Technology drives FOI reform proposal

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Technology drives FOI reform proposal
Access to information should be faster, simpler, cheaper

Bring charges in line with IT advances.

Australian Information Commissioner John McMillan has recommended changes to the way agencies charge for electronically-driven administrative processes for Freedom of Information requests.

In a report released yesterday [pdf], McMillan called for search, retrieval, decision-making and electronic processing fees to be standardised, eliminating the variable costs charged under the current regime.

Under the proposal, agencies would not charge for the first five hours of "processing" a request. 

A flat rate of $50 would be chargeable if an FOI request required between five and ten hours of processing, after which time a charge of $30 an hour would be applicable, up to a limit of 40 hours.

Agencies would be given the power to knock back FoI requests if it was believed the request would take more than 40 hours to process.

"The same processing charge should apply to the various administrative activities that are part of FOI processing," the report stated.

"Combining those activities into a single processing rate will simplify the charges framework and make it easier for agencies to administer and respond promptly to applicants."

Certain electronically-driven processes would be exempt and charged at "actual cost" to an agency - such as "if an applicant requires information to be provided through recordable media or a portable storage device such as a disk or USB drive".

McMillan also urged agencies to take advantage of advances in IT and to reflect that in any additional processing charges.

"Transcripts of a sound recording, shorthand or other similar medium are presently charged at $4.40 a page," the report noted.

"Advances in information technology (for example, voice recognition software) may make it easier and cheaper to provide transcripts."

McMillan recommended that transcription services be charged "at cost" or at a limit of $30 an hour, to keep a lid on costs.

New data request channel

A major recommendation of the report is to encourage agencies to create an informal channel for people to request certain types of Government-held data - such as personal information - without having to go through a formal FOI process.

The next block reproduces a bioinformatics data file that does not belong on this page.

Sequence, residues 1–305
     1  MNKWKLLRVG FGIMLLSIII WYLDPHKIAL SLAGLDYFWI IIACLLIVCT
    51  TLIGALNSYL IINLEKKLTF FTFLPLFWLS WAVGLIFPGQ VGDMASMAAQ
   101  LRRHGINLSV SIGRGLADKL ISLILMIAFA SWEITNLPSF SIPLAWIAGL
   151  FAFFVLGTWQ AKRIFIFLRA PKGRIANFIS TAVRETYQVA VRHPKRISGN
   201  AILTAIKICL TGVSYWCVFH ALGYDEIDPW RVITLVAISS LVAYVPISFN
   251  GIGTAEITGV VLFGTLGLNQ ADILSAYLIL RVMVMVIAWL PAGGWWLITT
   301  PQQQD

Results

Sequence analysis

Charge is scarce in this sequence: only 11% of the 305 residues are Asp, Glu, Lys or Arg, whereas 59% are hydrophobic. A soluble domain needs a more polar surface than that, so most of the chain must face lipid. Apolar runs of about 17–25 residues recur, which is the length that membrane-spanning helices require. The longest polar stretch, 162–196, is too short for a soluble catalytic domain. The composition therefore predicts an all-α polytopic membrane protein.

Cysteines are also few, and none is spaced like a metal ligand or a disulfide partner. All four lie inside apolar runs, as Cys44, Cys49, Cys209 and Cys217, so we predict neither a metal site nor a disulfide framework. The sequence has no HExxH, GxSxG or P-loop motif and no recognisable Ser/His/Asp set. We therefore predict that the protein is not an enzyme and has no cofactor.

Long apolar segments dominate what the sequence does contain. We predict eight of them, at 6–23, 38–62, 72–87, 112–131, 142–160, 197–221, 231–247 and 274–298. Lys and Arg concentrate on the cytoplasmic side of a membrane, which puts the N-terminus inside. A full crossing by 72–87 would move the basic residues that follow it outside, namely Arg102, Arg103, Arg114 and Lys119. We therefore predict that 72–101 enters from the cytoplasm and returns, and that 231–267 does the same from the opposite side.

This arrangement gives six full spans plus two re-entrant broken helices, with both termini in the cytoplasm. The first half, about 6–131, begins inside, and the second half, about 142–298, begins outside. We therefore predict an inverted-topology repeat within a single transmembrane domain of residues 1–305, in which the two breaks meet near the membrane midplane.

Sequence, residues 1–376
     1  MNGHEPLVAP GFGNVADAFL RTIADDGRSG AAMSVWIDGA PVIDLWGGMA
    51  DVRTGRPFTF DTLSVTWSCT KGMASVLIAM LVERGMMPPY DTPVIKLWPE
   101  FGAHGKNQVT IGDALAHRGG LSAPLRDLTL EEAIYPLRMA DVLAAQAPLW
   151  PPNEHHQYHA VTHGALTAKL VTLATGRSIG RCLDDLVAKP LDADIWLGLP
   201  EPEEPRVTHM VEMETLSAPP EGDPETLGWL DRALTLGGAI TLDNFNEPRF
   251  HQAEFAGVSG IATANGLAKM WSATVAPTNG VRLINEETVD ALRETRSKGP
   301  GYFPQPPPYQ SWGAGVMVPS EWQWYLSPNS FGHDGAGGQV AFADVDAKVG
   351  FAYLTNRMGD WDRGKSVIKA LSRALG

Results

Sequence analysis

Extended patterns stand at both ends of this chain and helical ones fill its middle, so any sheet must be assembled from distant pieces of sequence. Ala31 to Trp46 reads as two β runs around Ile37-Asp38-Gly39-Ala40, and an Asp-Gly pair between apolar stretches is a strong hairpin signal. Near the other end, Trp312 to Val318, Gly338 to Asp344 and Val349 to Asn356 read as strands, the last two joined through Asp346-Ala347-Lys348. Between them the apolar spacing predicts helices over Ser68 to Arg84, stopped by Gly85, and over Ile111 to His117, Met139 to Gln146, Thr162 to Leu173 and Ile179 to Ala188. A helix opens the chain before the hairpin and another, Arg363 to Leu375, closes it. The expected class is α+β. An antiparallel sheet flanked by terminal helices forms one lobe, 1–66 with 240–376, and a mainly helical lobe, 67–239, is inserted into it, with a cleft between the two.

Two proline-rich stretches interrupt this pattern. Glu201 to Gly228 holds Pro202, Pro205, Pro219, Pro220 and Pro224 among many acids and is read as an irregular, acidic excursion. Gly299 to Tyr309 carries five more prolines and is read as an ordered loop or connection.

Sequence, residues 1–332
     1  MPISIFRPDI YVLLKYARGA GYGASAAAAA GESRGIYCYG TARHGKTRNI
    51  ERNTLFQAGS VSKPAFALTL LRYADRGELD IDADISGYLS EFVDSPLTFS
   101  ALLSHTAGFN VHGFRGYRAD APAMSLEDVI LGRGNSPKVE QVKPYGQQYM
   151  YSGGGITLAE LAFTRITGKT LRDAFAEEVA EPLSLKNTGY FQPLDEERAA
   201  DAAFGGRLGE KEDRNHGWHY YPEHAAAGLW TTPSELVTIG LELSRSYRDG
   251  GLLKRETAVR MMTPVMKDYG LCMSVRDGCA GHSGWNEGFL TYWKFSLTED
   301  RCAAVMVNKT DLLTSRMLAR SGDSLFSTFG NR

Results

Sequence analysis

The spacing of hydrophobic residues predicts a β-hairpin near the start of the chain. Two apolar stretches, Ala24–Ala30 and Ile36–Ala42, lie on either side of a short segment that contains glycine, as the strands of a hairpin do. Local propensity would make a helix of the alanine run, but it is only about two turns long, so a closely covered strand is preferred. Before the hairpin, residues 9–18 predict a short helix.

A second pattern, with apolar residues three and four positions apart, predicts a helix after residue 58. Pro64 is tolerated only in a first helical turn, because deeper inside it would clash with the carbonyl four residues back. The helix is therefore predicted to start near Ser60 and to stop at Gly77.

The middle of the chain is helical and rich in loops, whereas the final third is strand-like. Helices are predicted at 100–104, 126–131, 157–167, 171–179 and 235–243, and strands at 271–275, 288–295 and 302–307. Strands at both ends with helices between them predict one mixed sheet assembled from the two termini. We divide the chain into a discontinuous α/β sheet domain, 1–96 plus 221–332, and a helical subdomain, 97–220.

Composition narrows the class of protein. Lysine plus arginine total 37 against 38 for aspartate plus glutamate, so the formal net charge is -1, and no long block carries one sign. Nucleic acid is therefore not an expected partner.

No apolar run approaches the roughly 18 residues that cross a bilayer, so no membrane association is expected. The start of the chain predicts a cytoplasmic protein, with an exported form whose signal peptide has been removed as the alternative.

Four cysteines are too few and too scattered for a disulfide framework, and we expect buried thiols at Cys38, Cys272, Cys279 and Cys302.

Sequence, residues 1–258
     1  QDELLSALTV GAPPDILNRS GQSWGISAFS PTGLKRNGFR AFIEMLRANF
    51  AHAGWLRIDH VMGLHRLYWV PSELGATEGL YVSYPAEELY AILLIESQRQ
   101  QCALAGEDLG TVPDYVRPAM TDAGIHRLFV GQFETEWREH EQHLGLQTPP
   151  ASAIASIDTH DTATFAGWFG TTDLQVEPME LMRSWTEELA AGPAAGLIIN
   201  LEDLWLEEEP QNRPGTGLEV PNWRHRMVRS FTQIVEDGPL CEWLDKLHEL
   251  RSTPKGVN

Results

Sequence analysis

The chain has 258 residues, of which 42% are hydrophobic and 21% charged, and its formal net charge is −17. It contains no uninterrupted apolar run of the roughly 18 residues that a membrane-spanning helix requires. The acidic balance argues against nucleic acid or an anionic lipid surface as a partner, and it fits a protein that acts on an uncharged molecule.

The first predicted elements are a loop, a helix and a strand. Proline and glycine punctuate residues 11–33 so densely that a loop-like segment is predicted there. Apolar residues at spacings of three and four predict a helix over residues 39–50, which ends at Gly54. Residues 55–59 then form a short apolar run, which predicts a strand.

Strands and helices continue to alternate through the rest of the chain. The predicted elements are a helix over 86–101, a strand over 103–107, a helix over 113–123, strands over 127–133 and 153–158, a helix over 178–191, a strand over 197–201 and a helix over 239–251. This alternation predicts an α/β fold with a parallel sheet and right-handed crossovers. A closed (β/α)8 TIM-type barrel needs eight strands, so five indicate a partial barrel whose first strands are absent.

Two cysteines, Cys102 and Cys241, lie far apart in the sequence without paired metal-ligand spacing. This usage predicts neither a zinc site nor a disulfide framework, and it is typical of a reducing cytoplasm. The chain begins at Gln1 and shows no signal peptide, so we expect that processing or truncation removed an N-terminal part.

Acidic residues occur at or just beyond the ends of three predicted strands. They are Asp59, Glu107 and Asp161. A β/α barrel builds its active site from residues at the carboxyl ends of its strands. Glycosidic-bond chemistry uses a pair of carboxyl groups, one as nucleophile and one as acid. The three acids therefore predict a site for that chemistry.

The recommendation is underpinned by the notion that governments typically record data in IT systems rather than in formal documents - a major shift since FOI legislation came into effect in 1982.

"Government agencies now store most information electronically and respond to information requests in more flexible ways," the report stated.

"Responses are often provided by collating data from various sources and providing it in a new document, frequently by email.

"The FOI Act should reflect that in many instances a person is essentially seeking information and the form of access is a secondary consideration.

"The right to ask for a particular document should not be the primary means of ensuring public access to information."

McMillan said that an Administrative Access regime would - at minimum - allow applicants and agencies to discuss data requests before a formal FOI lodgement, enabling the applicant to narrow their criteria and potentially save money.

No processing charge would apply to an Administrative Access request. However, if the applicant was unsatisfied with the response, they could escalate it to an FOI application for free.

Applicants who bypassed an Administrative Access regime and went straight for FOI could be hit with a $50 application fee.

Establishing an Administrative Access scheme would be non-compulsory. 

"An Administrative Access scheme will be more suited to some agencies and to some types of requests than others," the report noted.

"For example, a small agency that deals regularly with a known client base may find that it would be unproductive or confusing to create an Administrative Access scheme to operate alongside the FOI Act."

The report cited 2010-11 statistics that only 61 of 240 agencies received more than 10 FOI requests that year as evidence of the number of agencies that might operate an Administrative Access scheme.

Agencies that decided against running the scheme, however, would not be able to charge for FOI requests, under McMillan's proposal.

The Federal Government is now considering the recommendations.

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